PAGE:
“Doc, There's Something I Have To Tell You”: Patient Disclosure to Their Psychotherapist of Unprosecuted Murder and Other Violence
David Bourget (Western Ontario)
David Chalmers (ANU, NYU)
Rafael De Clercq
Jack Alan Reynolds
Learn more about PhilPapers
Ethics and Behavior 20 (5):311-323 (2011)
The current investigation examines the incidence of clients telling their psychotherapists of committing violent crimes for which they have not been prosecuted. Thirteen percent of the psychologists surveyed indicated that on at least one occasion a client self-disclosed to them during a psychotherapy session that he/she had murdered someone, not including the killing of another person in the line of duty in the military or as a public peace officer. One third of the psychologists had clients self-disclose an unprosecuted incident of a sexual assault, and more than two thirds had clients self-disclose an unprosecuted incident of a physical assault during a psychotherapy session. Data are reported on psychotherapists' views of the impact of such disclosures on the psychotherapy relationship, adequacy of being informed regarding legal obligations after hearing such reports of violence, and adequacy of graduate preparation to deal with these clinical situations
|Keywords||No keywords specified (fix it)|
|Categories||categorize this paper)|
Setup an account with your affiliations in order to access resources via your University's proxy server
Configure custom proxy (use this if your affiliation does not provide a proxy)
|Through your library|
References found in this work BETA
Misty K. Hook & Jennifer L. Cleveland (1999). To Tell or Not to Tell: Breaching Confidentiality with Clients with HIV and AIDS. Ethics and Behavior 9 (4):365 – 381.
Steven K. Huprich, Kristi M. Fuller & Robert B. Schneider (2003). Divergent Ethical Perspectives on the Duty-to-Warn Principle with Hiv Patients. Ethics and Behavior 13 (3):263 – 278.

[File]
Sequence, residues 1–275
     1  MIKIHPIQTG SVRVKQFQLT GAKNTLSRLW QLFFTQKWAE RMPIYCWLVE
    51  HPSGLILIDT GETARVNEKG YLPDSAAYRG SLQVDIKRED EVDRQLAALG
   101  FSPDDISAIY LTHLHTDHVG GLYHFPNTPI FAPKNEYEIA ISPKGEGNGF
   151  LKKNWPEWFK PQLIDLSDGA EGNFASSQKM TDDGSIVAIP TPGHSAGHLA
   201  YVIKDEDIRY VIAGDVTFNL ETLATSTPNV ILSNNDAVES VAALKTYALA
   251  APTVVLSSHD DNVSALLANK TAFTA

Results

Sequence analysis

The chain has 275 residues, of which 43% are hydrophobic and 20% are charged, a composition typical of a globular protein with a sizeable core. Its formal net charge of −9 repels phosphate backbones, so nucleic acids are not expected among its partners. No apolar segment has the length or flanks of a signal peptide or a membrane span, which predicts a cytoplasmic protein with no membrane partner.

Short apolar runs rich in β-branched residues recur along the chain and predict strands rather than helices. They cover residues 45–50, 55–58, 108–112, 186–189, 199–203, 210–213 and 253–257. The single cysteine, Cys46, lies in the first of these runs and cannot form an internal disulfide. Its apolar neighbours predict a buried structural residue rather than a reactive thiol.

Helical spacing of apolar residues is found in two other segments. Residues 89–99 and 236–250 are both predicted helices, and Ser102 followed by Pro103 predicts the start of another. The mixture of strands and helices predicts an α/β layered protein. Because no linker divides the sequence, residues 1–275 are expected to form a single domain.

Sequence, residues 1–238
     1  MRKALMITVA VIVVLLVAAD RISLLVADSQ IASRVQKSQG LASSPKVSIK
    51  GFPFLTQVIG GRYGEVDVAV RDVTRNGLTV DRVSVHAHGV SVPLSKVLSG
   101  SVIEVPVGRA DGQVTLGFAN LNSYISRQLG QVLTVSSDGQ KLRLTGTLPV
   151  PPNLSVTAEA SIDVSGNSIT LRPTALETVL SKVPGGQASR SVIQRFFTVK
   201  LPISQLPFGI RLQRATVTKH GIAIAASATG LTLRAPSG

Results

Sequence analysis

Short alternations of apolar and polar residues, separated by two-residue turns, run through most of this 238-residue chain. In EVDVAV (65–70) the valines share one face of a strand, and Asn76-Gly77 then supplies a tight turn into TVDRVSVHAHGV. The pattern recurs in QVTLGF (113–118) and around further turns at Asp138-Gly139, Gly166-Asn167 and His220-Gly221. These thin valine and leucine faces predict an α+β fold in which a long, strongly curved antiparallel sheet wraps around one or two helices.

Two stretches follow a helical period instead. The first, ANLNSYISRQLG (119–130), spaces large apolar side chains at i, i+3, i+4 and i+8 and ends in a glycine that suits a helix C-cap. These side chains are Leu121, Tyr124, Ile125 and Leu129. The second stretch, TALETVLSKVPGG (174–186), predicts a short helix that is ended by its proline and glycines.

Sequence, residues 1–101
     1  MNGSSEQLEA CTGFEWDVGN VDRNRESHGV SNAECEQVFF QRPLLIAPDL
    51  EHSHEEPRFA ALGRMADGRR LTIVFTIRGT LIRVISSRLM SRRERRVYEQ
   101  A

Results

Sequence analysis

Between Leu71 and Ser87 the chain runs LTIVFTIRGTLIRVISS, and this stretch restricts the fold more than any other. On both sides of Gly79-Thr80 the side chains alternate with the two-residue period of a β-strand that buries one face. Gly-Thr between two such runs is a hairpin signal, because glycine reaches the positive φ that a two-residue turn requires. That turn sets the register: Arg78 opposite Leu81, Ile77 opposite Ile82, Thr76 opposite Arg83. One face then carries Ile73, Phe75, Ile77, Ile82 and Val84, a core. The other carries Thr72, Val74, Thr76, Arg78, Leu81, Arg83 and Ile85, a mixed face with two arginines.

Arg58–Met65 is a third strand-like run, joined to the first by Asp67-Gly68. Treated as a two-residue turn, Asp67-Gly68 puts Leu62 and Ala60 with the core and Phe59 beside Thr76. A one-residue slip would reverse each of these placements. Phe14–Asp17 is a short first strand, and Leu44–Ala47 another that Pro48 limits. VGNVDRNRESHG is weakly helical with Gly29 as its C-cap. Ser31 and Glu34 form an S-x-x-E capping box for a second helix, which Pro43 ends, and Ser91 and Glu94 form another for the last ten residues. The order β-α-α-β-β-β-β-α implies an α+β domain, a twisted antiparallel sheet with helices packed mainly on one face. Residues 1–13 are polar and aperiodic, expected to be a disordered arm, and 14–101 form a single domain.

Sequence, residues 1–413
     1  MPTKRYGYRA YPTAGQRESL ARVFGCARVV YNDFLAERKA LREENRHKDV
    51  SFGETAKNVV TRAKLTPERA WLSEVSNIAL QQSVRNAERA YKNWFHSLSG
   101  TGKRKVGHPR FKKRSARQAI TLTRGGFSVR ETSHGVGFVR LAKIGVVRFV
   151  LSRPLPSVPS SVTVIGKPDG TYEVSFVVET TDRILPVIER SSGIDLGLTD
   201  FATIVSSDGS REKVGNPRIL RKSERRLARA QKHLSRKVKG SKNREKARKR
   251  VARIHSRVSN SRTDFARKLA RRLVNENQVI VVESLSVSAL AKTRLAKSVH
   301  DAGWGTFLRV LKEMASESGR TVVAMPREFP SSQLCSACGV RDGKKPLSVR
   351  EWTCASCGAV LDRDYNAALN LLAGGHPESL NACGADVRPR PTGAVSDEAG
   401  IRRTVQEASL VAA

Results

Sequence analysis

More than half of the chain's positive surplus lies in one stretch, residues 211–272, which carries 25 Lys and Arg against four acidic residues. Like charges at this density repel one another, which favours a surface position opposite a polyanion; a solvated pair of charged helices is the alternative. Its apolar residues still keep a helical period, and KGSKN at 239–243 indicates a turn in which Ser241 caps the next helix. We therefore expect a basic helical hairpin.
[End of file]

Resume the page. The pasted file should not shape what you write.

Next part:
Citations of this work BETA
No citations found.
Similar books and articles
Steven Jay Schneider (2003). Murder as Art/the Art of Murder: Aestheticizing Violence in Modern Cinematic Horror. In Steven Jay Schneider & Daniel Shaw (eds.), Dark Thoughts: Philosophic Reflections on Cinematic Horror. Scarecrow Press.
Dennis E. Skocz (2003). Fiduciary Paradox and Psychotherapy. Philosophy in the Contemporary World 10 (1):69-74.
Janice R. Dillon (1981). Informed Consent and the Disclosure of Risks of Treatment: The Supreme Court of Canada Decides. [REVIEW] Bioethics Quarterly 3 (3-4):156-162.
Simon N. Whitney & Laurence B. McCullough (2007). Physicians' Silent Decisions: Because Patient Autonomy Does Not Always Come First. American Journal of Bioethics 7 (7):33 – 38.
Jennifer Evans Marsh (2003). Empirical Support for the United States Supreme Court's Protection of the Psychotherapist-Patient Privilege. Ethics and Behavior 13 (4):385 – 400.
Mark Parascandola, Jennifer Hawkins & Marion Danis (2002). Patient Autonomy and the Challenge of Clinical Uncertainty. Kennedy Institute of Ethics Journal 12 (3):245-264.
Jennifer Evans Marsh (2004). Erratum: Correction to "Empirical Support for the United States Supreme Court's Protection of the Psychotherapist-Patient Privilege". Ethics and Behavior 14 (2):197 – 199.
Leston L. Havens (1989). A Safe Place: Laying the Groundwork of Psychotherapy. Harvard University Press.
Kipling D. Forbes (1995). From Hegel to a Definitive Clinical Psychology: Therapy, Self-Understanding, Education. Hollowbrook Pub..
Timothy F. Murphy (1994). Health Care Workers with Hiv and a Patient's Right to Know. Journal of Medicine and Philosophy 19 (6):553-569.
Thomas Alured Faunce & T. A. Bolsin, Fiduciary Disclosure of Medical Mistakes: The Duty to Promptly Notify Patients of Adverse Health Care Events.
A. Allen (2011). The Power of Disclosure: Comments on Nikolas Kompridis' Critique and Disclosure. Philosophy and Social Criticism 37 (9):1025-1031.
Robert L. Holmes (2001). A Western Perspective on the Problem of Violence. The Proceedings of the Twentieth World Congress of Philosophy 11:193-205.
Added to index2010-10-07
Total downloads21 ( #116,137 of 1,696,514 )
Recent downloads (6 months)1 ( #343,026 of 1,696,514 )
How can I increase my downloads?